ReVision

God's Work

We can't program our way into revival.

Revive Me! (4)

Revival comes inside-out.

My soul clings to the dust;
Revive me according to Your word.

Let my soul live, and it shall praise You;
And let Your judgments help me.
Psalm 119.25, 175

Not in our hands
In our day, many churches operate according to the idea that whatever we hope to gain in the way of blessings from God, we must take into our own hands to secure. This is most evident in our fixation on programs as the way to realize the promises of abundant life in Christ.

Churches feature a wide range and variety of programs, designed to address the needs of certain age groups or types of believers. Programs require planning, scheduling, reserving space, preparing leaders, arranging rooms, securing materials, providing refreshments, and accomplishing the business of the program within a preset time frame. Programs are strictly optional; if this or that opportunity seems to address your concern, then sign-up and come along. In most churches, programs are attended by only a portion of the congregation, which prompts church leaders to sponsor more programs to attract more of their members into the quest for a fuller experience of salvation.

Of course, we don’t see anything like this in the New Testament, where, typically, local churches existed and flourished with a minimum of coordination and scheduling, but under the continuous teaching, oversight, example, and care of capable shepherds, who were willing to spend and be spent to nurture the souls of God’s people (cf. Acts 20.28; 2 Cor. 12.15; Heb. 13.17; 1 Pet. 5.1-3; etc.).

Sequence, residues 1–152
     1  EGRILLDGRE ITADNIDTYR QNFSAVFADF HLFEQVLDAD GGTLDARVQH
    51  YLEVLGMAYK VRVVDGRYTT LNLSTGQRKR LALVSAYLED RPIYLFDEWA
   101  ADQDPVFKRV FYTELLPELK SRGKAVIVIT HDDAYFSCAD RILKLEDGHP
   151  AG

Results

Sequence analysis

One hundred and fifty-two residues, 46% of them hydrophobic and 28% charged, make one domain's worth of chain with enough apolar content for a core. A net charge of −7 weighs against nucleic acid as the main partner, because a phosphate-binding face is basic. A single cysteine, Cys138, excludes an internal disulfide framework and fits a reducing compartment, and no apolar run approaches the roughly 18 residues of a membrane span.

In the case of revival, should we decide to pursue it, our default approach is to sponsor a program to make revival happen. Find a speaker, schedule the meetings, arrange for a song leader and music, advertise and publicize, secure rooms and refreshment – all the usual details of a typical church program, and all to ensure that our revival is a success. And by success we mean, well-attended and imparting some spiritual benefit to at least some people.

Our penchant for programming is one aspect of our captivity to the modern technique-and-technology society. But we cannot program revival. God does indeed use organized activities to accomplish His ends, including revival. But He tells us which activities we must engage in and how we must use them. And typically, our activities do nothing more than set the stage for God to do what only He can do in reviving His people, renewing their churches, and awakening the lost world to the Gospel.